Generally Awesome Mezzo Joyce DiDonato Saves My Writer's Block
My hunt for blog-worthy tidbits had begun, and just as I felt the beginnings of a good old writer's block, I found myself on Joyce DiDonato's blog. That lady is just great. I'm not sure if everyone will remember this, but I spotted that letter to the editor that Joyce wrote for a publication by online magazine Opera21. The letter was addressed to young fans of opera, urging them to resist becoming cynics. It was posted on Opera 21 as well as Joyce DiDonato's blog about a year ago, and I'm sharing it here because it's a perfect articulation of our goal here at Schmopera. She makes the case for young critics to remain above snobbery, and to that I give a hearty thumbs-up. Here's the full letter by the fabulous Joyce DiDonato:
Congratulations on the launch of this exciting on-line magazine where each of you can delve deeper and deeper into your passions for opera and music! It’s wonderful for me to have the confirmation of my passion about opera through your eyes, because each of you are ignited by the same emotional journeys, breathtaking musical moments and awe-inspiring productions that I am, and you are eagerly seeking a way to learn more. Trust me, as long as you’re game, the journey of discovery never ends! Enjoy it!
I predict your operatic journey may sometimes be a love/hate relationship – for where there are big passions, there can be enormous disappointments. Whether you are an aspiring singer who faces a deluge of rejections (oh, they’ll be there – just keep breathing!), or a fan who suffers through a cast that isn’t to your liking (or, God forbid, isn’t the same singer you first saw when you fell in love with a particular opera back in 2009…!), the disappointments will most definitely be there.
But so will the euphoric moments, and those blessed moments of tears and laughter or overwhelming profundity – or you’ll receive that first contract, or be accepted into the ensemble and begin relationships with friends who will be with you for life. The highs and the lows will both feed you in completely different ways and ultimately bring more depth and joy into your life.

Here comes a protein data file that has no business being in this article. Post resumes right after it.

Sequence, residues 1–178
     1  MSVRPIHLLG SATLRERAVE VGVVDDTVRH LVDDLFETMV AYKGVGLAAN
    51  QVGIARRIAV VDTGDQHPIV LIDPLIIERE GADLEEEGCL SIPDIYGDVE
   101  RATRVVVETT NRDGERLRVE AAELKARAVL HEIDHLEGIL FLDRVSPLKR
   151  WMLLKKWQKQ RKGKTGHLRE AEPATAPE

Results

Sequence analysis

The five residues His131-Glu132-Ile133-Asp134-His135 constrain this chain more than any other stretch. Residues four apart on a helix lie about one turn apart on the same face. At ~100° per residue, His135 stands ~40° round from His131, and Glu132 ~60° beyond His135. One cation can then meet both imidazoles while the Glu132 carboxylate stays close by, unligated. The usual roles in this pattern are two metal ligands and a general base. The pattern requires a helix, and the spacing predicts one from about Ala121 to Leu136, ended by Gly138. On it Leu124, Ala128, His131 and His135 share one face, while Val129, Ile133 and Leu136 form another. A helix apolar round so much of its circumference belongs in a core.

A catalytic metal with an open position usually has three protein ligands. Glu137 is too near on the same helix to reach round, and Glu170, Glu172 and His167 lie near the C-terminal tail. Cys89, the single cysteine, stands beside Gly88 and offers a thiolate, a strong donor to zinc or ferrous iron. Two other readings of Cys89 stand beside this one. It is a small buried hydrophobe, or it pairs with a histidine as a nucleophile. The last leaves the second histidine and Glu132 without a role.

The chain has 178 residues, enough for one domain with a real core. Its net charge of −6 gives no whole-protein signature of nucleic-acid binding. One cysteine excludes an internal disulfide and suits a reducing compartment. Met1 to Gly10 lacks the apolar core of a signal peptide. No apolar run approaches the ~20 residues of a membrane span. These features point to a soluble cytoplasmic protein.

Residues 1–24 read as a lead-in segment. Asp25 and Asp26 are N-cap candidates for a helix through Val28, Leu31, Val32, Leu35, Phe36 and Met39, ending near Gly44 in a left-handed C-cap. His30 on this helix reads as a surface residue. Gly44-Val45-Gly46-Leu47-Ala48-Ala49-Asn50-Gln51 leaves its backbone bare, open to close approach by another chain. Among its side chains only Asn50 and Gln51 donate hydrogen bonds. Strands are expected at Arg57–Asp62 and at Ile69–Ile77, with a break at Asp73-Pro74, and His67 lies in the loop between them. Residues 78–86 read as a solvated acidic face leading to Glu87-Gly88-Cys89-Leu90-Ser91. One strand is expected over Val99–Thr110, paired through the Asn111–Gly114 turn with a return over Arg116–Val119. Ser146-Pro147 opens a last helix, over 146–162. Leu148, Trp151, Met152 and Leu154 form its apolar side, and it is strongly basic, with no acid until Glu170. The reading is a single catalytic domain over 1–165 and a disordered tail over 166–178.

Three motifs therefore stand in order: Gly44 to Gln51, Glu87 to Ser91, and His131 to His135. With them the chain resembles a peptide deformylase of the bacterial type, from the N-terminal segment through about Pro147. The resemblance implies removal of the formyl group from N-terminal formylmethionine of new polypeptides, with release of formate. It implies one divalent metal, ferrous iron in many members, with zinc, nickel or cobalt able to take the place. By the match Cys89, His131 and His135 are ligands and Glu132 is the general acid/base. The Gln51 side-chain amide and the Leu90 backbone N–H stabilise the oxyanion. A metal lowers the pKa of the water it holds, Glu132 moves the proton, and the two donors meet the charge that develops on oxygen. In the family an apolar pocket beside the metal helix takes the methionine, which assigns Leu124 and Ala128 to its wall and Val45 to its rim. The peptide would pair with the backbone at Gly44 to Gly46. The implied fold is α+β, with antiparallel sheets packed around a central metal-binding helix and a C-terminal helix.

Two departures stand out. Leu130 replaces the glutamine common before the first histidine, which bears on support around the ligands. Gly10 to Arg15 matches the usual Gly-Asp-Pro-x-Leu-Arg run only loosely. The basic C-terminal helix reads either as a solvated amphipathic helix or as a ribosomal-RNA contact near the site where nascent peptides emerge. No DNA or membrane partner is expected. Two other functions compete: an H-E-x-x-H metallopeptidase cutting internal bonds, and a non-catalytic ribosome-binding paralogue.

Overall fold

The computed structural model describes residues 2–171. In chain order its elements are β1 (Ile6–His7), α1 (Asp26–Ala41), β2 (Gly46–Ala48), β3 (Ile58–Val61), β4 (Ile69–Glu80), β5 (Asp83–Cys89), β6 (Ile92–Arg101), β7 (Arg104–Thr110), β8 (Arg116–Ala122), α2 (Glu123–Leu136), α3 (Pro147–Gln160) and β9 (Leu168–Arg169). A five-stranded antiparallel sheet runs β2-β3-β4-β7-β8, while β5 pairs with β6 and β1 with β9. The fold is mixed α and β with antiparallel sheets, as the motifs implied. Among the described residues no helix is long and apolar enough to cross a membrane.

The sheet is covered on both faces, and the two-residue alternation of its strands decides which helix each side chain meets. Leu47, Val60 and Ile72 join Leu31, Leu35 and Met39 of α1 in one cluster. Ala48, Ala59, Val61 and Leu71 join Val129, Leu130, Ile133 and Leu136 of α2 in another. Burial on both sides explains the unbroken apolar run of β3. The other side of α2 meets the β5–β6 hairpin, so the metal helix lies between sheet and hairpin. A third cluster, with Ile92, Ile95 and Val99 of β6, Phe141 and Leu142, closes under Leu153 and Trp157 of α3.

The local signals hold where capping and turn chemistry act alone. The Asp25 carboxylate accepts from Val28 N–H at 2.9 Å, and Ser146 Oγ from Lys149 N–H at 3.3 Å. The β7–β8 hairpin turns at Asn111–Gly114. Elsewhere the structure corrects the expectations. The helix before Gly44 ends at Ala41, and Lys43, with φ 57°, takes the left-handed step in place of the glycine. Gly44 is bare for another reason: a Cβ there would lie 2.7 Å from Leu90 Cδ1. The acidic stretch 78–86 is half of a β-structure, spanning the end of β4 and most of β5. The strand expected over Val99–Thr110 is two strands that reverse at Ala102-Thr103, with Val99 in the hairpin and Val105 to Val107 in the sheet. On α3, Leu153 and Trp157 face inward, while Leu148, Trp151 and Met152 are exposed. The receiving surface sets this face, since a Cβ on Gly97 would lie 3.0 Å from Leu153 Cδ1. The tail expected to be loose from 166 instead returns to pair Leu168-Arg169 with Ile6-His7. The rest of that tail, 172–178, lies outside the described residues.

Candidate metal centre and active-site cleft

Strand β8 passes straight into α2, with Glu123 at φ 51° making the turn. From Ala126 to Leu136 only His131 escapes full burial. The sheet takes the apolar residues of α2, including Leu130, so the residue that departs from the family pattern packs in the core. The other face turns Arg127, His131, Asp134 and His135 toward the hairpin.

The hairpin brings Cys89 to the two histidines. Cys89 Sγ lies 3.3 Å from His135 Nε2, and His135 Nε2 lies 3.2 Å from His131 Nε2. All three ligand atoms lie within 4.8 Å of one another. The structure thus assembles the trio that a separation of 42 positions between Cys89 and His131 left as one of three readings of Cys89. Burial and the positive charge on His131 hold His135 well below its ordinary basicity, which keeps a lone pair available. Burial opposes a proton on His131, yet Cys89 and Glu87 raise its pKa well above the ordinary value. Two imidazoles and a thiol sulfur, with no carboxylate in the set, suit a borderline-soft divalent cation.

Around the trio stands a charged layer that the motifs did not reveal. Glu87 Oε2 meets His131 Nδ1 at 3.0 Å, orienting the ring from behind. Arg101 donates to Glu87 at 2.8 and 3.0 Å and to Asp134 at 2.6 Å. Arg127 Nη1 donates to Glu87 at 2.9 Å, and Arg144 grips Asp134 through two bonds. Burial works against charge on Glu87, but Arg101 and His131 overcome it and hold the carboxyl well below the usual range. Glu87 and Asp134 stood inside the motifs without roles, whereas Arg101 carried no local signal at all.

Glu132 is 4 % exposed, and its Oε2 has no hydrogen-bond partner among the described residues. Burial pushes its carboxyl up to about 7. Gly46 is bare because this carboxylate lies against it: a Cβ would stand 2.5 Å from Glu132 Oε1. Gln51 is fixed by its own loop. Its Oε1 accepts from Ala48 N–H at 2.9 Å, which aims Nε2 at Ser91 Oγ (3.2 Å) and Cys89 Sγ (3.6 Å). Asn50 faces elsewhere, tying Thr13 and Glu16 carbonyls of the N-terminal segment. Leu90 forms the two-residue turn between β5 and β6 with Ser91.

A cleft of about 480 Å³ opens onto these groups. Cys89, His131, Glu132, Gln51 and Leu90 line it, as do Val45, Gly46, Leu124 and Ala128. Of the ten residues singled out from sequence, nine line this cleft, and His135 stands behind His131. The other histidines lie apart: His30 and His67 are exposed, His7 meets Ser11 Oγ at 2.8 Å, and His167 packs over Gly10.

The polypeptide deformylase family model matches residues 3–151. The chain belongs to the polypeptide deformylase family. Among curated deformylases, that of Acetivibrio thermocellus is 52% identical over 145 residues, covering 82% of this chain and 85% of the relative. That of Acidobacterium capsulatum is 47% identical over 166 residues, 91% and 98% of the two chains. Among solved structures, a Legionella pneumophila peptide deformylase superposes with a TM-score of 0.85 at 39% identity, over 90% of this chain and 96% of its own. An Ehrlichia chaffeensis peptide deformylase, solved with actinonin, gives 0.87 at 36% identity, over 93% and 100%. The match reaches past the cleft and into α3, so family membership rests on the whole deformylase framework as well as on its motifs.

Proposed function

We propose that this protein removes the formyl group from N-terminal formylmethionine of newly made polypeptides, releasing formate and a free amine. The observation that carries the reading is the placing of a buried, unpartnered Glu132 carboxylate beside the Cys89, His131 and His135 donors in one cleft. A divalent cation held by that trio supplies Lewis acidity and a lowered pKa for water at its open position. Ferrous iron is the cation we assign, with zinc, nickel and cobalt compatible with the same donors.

But may I offer one word of caution, or request one small favor? Please don’t become a snob. Please just resist that urge should it rear its ugly head. It’s not cool, definitely not attractive, and terribly, terribly boring. No matter how much you know, or how much you see and hear, and no matter how strong your opinions are, please don’t flirt with that imperial “level of knowing” where you stop listening, stop feeling, and stop learning. By all means, be critical if you like, but please consider offering your opinions with grace and elegance. In other words, “Stay classy.” Trust me, it will enhance your operatic experience by miles.
Throughout those inevitable highs and lows, please fight to keep the faith, and please do your part to keep the dialogue open and moving forward, so that you (yes, YOU) can be a part of the solution and not a part of the problem. I want YOU to help figure out where opera goes in YOUR Century. Get creative, spread the word, think outside the box, be open enough so that the newcomers who will come and look to you for guidance will feel welcome, and please keep listening with those curious, eager ears so that the next generations of singers won’t feel that they have to compete with a “DiDonato” or a “Florez”. (Not that there is anything wrong with either of those two!)
Finally, at last its my turn to stand up and applaud each of YOU, and yell BRAVI for your efforts and for your enthusiasm! You are my argument against “Opera is a dying art form”, so get loud, get strong, and yes, stay classy!